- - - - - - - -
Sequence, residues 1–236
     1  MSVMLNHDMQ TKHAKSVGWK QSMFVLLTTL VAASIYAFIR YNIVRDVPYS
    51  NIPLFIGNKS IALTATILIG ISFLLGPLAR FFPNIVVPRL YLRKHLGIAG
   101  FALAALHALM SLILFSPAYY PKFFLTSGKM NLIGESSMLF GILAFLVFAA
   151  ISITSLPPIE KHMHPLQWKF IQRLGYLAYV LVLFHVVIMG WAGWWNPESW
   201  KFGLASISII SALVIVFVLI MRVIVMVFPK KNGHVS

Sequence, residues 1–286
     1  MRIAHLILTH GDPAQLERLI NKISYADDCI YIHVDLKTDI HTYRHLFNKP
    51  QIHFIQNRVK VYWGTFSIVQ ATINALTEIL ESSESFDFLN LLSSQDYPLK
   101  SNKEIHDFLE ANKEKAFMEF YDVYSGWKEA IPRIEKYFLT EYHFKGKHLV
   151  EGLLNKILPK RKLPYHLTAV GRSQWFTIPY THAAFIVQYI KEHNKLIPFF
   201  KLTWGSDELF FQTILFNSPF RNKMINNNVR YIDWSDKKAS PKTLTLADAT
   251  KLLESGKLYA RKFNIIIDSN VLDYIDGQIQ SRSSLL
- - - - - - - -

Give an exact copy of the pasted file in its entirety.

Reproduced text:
Sequence, residues 1–236
     1  MSVMLNHDMQ TKHAKSVGWK QSMFVLLTTL VAASIYAFIR YNIVRDVPYS
    51  NIPLFIGNKS IALTATILIG ISFLLGPLAR FFPNIVVPRL YLRKHLGIAG
   101  FALAALHALM SLILFSPAYY PKFFLTSGKM NLIGESSMLF GILAFLVFAA
   151  ISITSLPPIE KHMHPLQWKF IQRLGYLAYV LVLFHVVIMG WAGWWNPESW
   201  KFGLASISII SALVIVFVLI MRVIVMVFPK KNGHVS

Sequence, residues 1–286
     1  MRIAHLILTH GDPAQLERLI NKISYADDCI YIHVDLKTDI HTYRHLFNKP
    51  QIHFIQNRVK VYWGTFSIVQ ATINALTEIL ESSESFDFLN LLSSQDYPLK
   101  SNKEIHDFLE ANKEKAFMEF YDVYSGWKEA IPRIEKYFLT EYHFKGKHLV
   151  EGLLNKILPK RKLPYHLTAV GRSQWFTIPY THAAFIVQYI KEHNKLIPFF
   201  KLTWGSDELF FQTILFNSPF RNKMINNNVR YIDWSDKKAS PKTLTLADAT
   251  KLLESGKLYA RKFNIIIDSN VLDYIDGQIQ SRSSLL